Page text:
BARRHEAD- The County of Barrhead has a potential buyer for two of its Kiel Industrial Park lots.
However, the likelihood of the sale being finalized would improve substantially if the Barrhead Regional Water Commission (BRWC) and the Town of Barrhead approve improvements to their water filtration and waste treatment systems.
That is why councillors instructed county manager Debbie Oyarzun at their Sept. 7 meeting, to submit a formal request to both the town and BRWC in two separate motions to make the improvements.
The request for the BRWC is to include the installation of new water filtration trains in their 2022 budget. The request to the town is to install a sanitary pre-treatment component to its lagoon wastewater treatment facility. Both requests are conditional on the successful sale of the properties.
The BRWC is an independent body comprised of members of the Barrhead municipalities. The commission is the owner of the region’s water infrastructure, pipelines and water treatment plant. They then sell the water to the municipalities, which in turn resell it to their residents.
"The purchaser does need higher than normal water volumes [and associated sanitary volumes that the water commission is forecasting for 2022," Oyarzun said. "So for us to entertain this offer, we need to address that."
She said, as part of the BRWC's 25-year plan, they expect they will have to install new water filtration trains to meet the increased water demand expected in 2040 to 2045.
Oyarzun said to meet the purchaser's water needs, the installation of that equipment would need to be expedited to perhaps as soon as 2022/2023.
“By 2045, [the water commission] felt that our industrial expansion would be up to that 850 cubic metres per day, but if this offer to purchase goes through, the Kiel Industrial park will need by 2022/23, 740 cubic metres,” Oyarzun said.
She added that to support the increased volumes of effluent from the purchaser's operation, the town would have to install an additional sanitary pre-treatment at their lagoons to avoid putting additional pressure on the wastewater system.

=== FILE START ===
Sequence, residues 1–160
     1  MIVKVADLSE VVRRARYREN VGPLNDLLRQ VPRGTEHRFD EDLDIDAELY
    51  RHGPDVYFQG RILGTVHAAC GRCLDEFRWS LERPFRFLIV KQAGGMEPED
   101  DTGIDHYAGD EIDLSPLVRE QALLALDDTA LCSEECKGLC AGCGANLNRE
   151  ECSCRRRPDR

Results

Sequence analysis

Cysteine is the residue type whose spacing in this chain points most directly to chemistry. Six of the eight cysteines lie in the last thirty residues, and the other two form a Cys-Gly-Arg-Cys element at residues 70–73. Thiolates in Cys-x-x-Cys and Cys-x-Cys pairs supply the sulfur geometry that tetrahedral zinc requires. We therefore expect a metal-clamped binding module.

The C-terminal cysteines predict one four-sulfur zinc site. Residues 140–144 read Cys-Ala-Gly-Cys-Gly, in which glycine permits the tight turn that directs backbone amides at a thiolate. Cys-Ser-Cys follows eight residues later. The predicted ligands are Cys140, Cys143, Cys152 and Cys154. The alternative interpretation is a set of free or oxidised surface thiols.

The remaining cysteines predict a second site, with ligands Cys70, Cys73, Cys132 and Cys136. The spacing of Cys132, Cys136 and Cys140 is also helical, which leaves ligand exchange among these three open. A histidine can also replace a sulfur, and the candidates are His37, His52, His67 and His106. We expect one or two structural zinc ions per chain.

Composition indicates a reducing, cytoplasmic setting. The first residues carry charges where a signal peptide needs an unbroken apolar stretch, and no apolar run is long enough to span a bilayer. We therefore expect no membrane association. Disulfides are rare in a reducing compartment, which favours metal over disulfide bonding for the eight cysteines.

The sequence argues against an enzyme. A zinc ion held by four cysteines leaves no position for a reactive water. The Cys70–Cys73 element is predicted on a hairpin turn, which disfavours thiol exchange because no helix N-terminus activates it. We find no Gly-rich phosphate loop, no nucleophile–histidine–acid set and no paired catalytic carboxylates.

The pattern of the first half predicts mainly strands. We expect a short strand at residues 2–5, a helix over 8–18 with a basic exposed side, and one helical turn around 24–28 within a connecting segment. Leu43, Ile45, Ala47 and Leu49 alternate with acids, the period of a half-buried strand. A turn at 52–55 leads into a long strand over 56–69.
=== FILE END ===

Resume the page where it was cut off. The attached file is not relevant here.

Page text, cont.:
However, Oyarzun said the commission and the town could recover those costs fairly quickly.
"Should this project advance, the sale of water from Kiel alone are estimated at $642,838 a year based on the Barrhead Regional Water Commission's water rates," she said. "And as I have heard from council, especially from the reeve and [Coun. Darrell Troock], the commission is in the business of selling water."
Oyarzun did not give an estimate of how much the equipment's installation would cost the BRWC or the town.
The Barrhead Regional Water Commission is expected to discuss the request at its meeting this week. Town of Barrhead council next meeting is Sept. 14.
Although councillors Oyarzun noted that she gave the BRWC and Town of Barrhead councillors the heads up that the requests might be forthcoming.
Background on Kiel Industrial
If the sale goes through, it will be the first lots the county has sold. Presently there are seven fully-services lots available as part of the Kiel Phase 1 development.
In late June 2018, Royal Canadian Cannabis (RCC) put a deposit down on a lot at the Kiel Industrial Park to build a medical marijuana growing and production facility. However, the sale of the property fell through in 2020.
The county bought the quarter section of land located at NE 27-59-3-W5, which is immediately south of the Northplex plant on Range Road 32, for $575,000 from the Kiel family in 2012 for the expressed purpose of creating an industrial park. The land is zoned direct control.
Since then, Oyarzun said the county has put a lot of effort and expense into getting the property ready for potential sales.
Two years after purchasing the property, the county undertook a preliminary engineering study. As part of that process, the municipality undertook a visioning exercise that included extensive consultation.
Shortly after, Oyarzun said the municipality then commissioned TEC Edmonton to do a feasibility study on market development, focusing specifically on agricultural industries.
"In 2020, the county also renewed [intermunicipal-development plan and this year we started a broadband scoping and cost analysis and passed a Non-residential Tax Incentive Bylaw to attract investors," she said.
Oyarzun noted that through the stakeholder consultation process, the municipality developed "the rationale to develop Kiel so that we could have that inventory of land for industrial development, based on a series of principles that we are following very closely."
She added the principles included attracting industry and businesses that were not a good fit for the town to avoid competition, focusing on clusters or companies that can attract other related industry segments, support community growth, create jobs as well as driving economic growth and creating economic diversity.
More importantly, at least from the municipal standpoint, Oyarzun said to they want to grow the tax base.
"Currently, the county only has $33 to 34 million in non-residential assessment. That is quite low and is why we have to rely so heavily on residential taxes," she said. "If we can increase non-residential assessment, we can share the burden."